Home Guard

As an apprentice toolmaker, Thomas Cumberlidge was considered a far too valuable commodity to have his life put at risk in the regular army.

Not that he didn’t try to join up.
Thomas, now 77, remembers the day he offered to fight for his country.

”I got a bit of a ticking off,” he chuckled. ”The recruiting officer said I was far more useful in the factory and told me to get back to work straight away.”

Work for Thomas was at the Standard Aero Engine plant at Fletchampstead Highway, Coventry, where the then 17-year-old was employed.

That’s where he met his future wife, Ivy. She had been drafted in to help the war effort by being put in charge of a lathe turning pistons for Spitfires.

Thomas joined the Standard’s own Home Guard platoon and he reckons the outfit was pretty professional in its approach.

”Contrary to popular opinion, we were an efficient fighting force and would have given the German paratroopers a run for their money if they had landed,” he said.

”We used to train with the army at Stoneleigh Deer Park, on the firing range with automatic rifles and sten guns.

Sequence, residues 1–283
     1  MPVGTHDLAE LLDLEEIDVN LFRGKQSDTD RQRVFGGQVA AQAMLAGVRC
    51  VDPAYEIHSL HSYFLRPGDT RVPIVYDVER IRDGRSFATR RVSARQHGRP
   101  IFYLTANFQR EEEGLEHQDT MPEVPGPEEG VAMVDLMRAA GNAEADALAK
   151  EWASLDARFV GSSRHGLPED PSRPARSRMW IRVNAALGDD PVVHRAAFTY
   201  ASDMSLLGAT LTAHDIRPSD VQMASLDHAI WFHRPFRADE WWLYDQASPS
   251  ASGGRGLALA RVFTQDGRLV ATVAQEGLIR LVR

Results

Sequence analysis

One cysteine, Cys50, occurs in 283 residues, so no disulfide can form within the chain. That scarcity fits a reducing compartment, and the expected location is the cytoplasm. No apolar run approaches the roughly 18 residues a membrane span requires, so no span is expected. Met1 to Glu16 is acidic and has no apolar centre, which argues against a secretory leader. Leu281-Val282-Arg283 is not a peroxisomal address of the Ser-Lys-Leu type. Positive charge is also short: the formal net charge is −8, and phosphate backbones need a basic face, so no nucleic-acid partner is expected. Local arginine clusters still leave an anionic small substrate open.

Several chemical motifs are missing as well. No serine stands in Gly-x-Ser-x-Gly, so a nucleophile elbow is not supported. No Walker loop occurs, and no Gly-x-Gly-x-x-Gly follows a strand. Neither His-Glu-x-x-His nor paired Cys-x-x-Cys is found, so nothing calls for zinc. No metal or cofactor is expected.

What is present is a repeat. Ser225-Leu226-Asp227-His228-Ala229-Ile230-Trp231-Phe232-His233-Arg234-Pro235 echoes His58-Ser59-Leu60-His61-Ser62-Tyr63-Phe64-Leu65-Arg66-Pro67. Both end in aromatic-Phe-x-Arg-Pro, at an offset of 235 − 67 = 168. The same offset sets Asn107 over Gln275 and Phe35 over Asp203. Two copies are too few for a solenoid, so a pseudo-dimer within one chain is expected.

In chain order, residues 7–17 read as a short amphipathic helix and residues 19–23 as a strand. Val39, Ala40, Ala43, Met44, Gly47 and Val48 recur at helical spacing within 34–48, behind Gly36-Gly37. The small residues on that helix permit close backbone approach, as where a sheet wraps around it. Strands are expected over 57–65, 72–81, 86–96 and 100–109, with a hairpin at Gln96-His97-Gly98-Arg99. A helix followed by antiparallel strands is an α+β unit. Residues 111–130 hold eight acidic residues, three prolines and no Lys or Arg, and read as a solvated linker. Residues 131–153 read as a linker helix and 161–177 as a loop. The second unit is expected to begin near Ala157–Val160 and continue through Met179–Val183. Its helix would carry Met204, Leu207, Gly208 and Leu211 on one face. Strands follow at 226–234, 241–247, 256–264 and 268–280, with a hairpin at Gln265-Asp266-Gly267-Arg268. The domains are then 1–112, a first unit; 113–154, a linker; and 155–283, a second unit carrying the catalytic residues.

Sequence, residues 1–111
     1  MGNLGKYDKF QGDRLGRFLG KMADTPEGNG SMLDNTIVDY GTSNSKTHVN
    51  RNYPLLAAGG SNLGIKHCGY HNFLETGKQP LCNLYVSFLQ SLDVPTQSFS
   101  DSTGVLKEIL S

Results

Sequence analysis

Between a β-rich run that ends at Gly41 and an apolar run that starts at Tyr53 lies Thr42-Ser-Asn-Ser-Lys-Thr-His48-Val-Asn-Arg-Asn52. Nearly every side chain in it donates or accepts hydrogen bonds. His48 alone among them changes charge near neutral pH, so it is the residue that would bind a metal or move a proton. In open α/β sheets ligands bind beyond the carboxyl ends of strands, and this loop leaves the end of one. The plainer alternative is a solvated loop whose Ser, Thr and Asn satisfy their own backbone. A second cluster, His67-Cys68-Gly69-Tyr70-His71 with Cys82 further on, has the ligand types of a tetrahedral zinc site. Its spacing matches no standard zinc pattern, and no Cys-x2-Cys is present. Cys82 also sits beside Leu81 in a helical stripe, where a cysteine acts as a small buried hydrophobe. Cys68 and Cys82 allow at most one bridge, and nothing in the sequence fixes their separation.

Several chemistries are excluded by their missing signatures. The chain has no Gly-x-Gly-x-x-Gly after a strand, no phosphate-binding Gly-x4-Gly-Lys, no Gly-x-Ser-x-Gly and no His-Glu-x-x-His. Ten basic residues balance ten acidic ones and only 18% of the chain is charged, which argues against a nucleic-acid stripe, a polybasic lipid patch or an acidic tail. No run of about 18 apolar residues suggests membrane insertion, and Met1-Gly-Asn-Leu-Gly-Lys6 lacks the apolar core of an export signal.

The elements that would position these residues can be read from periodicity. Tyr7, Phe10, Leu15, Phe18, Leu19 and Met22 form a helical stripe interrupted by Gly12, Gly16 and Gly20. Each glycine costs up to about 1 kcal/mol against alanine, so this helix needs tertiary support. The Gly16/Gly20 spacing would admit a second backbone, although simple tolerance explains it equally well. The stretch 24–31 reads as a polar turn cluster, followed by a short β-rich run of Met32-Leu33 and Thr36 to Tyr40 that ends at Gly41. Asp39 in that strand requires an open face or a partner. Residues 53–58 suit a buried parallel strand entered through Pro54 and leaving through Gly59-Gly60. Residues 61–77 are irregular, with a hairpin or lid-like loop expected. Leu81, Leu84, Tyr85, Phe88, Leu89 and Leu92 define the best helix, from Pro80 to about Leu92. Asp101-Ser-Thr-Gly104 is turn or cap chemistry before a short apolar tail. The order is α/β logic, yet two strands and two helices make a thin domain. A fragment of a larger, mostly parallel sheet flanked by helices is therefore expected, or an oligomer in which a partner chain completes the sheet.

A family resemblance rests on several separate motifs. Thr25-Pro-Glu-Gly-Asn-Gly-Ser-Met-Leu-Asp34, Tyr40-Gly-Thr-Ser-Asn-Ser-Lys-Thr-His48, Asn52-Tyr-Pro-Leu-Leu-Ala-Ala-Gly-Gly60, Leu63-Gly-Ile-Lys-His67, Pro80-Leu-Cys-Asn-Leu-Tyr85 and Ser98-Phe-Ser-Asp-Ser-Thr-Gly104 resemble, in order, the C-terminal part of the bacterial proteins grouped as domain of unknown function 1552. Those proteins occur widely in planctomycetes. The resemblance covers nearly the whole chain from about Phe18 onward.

”We did it after a full day’s work and at weekends. I suppose it was tiring but you seemed to take it all in your stride then. I was a young man.” As part of his Home Guard commitment he had to carry out guard duty at the Standard plant two or three times a week. On one occasion, he recalls, the unit took part in an exercise defending the factory against ‘attack’ from Polish soldiers.

On the night of the November 1940 blitz, Thomas remembers attempting to walk home to Holbrooks from the city centre.

”As I reached the Foleshill Road the bombing got worse and I was shepherded down the underground shelter underneath O’Brien’s cycle shop.

”After about five hours the raid subsided and I was able to make my way home. As I turned into Holbrook Lane, there was an almighty bang and I found out later that a bomb had landed on the Brookville Cinema in Jackson Road.

”I still have vivid memories of those dark days. The spirit of Coventry people was tremendous and enabled us to have the freedom we enjoy today.”

Leave a Reply